Obesity Surgery

, 18:1035

A Comparison of a Personal Series of Biliopancreatic Diversion and Literature Data on Gastric Bypass Help to Explain the Mechanisms of Resolution of Type 2 Diabetes by the Two Operations

  • Nicola Scopinaro
  • Francesco Papadia
  • Giovanni Camerini
  • Giuseppe Marinari
  • Dario Civalleri
  • Adami Gian Franco
Opinion

Abstract

Background

Roux-en-Y gastric bypass (RYGBP) and biliopancreatic diversion (BPD) are highly beneficial operations for type 2 diabetes mellitus (T2DM) in obese patients, leading to complete T2DM resolution in 75–90 and 97–99% of cases, respectively. In both RYGBP and BPD, the foregut is excluded from the food stream and the distal small bowel receives the food stimulation, while following BPD fat intestinal absorption is also extremely limited. This study was carried out to identify clinical features that could give insight on the different mechanisms of action on diabetes resolution.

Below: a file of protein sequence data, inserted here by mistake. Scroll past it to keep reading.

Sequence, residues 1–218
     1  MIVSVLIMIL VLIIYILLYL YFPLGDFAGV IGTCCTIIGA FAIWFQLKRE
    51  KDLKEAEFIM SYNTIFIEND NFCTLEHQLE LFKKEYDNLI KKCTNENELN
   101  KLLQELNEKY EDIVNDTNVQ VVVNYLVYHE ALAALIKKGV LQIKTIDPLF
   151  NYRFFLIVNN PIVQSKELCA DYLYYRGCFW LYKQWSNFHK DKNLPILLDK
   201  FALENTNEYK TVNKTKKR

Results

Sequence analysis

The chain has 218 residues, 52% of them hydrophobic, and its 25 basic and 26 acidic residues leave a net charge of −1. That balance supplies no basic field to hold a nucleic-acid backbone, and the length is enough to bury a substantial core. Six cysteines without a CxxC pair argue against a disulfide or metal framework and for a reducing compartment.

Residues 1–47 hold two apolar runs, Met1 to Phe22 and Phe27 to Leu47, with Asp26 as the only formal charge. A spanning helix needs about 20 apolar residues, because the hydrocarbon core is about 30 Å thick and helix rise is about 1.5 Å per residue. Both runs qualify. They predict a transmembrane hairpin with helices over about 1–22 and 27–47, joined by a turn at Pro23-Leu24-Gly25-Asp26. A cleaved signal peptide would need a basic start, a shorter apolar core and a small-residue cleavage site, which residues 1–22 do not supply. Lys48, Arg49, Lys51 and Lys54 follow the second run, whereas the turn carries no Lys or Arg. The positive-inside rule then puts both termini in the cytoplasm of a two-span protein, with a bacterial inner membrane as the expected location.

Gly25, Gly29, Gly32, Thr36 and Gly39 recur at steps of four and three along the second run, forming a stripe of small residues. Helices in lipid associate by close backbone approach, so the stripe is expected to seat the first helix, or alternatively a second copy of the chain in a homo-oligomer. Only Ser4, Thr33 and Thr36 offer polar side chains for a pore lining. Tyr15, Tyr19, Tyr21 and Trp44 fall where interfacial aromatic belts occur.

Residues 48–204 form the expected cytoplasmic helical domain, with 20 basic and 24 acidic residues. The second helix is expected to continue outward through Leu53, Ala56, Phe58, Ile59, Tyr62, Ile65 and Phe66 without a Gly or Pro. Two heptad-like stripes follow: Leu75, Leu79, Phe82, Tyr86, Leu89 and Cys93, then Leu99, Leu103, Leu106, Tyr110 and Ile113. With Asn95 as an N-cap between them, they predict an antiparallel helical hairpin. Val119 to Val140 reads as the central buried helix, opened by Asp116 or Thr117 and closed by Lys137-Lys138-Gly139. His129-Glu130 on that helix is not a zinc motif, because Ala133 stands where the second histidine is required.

Methods

The files of 443 severely obese patients with T2DM undergoing BPD from May 1976 to May 2007 were examined, and the presence of T2DM (fasting serum glucose >125 mg/ml) at 1–2 months, at 1 year, at 10 years, and at ≥20 years following the operation was recorded.

Results

The percentage of patients cured (fasting serum glucose reduced to ≤110 mg/dl, on free diet and with no therapy) was 74% at 1 month, 97% at 1 and 10 years, and 91% at ≥20 years, the 26% of uncured patients at 1 month being those with most severe preoperative T2DM.

Conclusions

As the early results after BPD resemble those reported after RYGBP, it can be hypothesized that the duodenal exclusion and the distal small bowel stimulation are the first mechanisms acting in BPD, immediately after the operation, that only subsequently the myocellular fat depletion, which cannot be immediate, takes over, and that the minimal fat absorption is the mechanism accounting for the long-term results of BPD.